donuts logoHistorically .COM domains rank better in Google search than do other TLDs. There are a lot of theories behind this. As a drastic example, should an attorney’s .ASIA domain rank well in a city like Raleigh North Carolina? Probably not. Should a dentist use a .GOV domain? No.

What about the new .attorney and .lawyer domains? runs several gTLD (generic Top Level Domains). Should attorneys get one of these domains? Should they have an EMD (exact math domain) such as Well, the domain is not nearly as important as the content that is on it.

Today I tried to purchase some of these new .attorney and .lawyer domains. It appears that many of the single and double letter domains are simply not available. An example of this would be A.Lawyer or An.Attorney. I then moved on to city names and “money keywords”. I found one I liked which was I tried to go through GoDaddy’s checkout process and while they were processing my credit card I got a message saying that the domain was no longer available. What?! Did it become unavailable because I typed it in? Or was it not available in the first place? I am not sure. I called in to GoDaddy tech support and they informed me that is selling this themselves at a premium rate. This is unacceptable. I tried around 100 more domains and they were either not allowed or being sold as premium domains. My brain injury domain went from $35 to $4,999.99.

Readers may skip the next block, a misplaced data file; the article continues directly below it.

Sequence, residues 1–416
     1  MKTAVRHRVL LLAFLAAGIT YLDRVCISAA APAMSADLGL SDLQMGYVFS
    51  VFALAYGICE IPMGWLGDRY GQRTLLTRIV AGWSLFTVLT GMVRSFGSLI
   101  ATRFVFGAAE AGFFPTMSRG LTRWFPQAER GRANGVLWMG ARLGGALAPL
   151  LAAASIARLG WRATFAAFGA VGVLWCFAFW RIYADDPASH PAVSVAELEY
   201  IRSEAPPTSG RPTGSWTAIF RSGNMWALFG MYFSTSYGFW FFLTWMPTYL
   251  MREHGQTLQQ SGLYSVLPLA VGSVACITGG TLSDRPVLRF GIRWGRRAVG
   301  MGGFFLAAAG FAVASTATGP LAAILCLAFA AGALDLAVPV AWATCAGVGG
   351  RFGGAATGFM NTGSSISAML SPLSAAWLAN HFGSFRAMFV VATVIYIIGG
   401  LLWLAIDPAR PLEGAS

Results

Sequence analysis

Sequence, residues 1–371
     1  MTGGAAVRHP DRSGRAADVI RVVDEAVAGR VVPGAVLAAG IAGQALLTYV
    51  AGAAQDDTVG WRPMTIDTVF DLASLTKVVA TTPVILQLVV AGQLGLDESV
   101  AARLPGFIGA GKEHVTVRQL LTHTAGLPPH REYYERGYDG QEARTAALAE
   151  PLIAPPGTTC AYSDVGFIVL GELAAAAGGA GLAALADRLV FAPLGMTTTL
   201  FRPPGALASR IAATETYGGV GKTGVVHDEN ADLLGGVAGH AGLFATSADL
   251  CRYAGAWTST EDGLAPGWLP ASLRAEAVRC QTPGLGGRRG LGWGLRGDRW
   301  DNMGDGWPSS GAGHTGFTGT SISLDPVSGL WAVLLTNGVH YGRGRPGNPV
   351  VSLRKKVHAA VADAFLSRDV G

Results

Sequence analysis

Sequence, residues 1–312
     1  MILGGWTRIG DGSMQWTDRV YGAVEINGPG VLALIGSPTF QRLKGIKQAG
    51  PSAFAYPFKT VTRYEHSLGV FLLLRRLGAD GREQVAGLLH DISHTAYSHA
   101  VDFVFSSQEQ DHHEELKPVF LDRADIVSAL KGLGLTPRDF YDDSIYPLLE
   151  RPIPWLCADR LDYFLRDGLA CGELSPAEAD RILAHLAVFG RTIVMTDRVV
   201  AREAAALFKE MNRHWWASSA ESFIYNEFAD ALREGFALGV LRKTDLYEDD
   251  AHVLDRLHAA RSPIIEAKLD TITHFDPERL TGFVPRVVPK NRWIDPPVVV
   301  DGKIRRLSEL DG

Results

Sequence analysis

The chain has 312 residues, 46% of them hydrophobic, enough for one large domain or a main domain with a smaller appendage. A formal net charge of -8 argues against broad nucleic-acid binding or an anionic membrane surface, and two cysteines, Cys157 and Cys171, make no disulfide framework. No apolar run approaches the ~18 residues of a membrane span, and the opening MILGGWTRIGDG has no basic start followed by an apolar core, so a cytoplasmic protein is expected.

brain injury screenshot

Ummm, no. Maybe if that were an established, 3 year old domain with unique content on it that ranked well in search, but not for the name. Even $35 was pushing it.


I am left to conclude that .lawyer or .attorney may be ok for vanity, or a business card or a site that redirects people to a real .COM domain. would be a neat URL, but then again it may confuse people since the average person is not aware of these gTLDs.

I don’t mean to shoot holes in donuts but a gTLD simply isn’t for me.

If you need assistance marketing your law firm check out my page on personal injury marketing.


Leave a Reply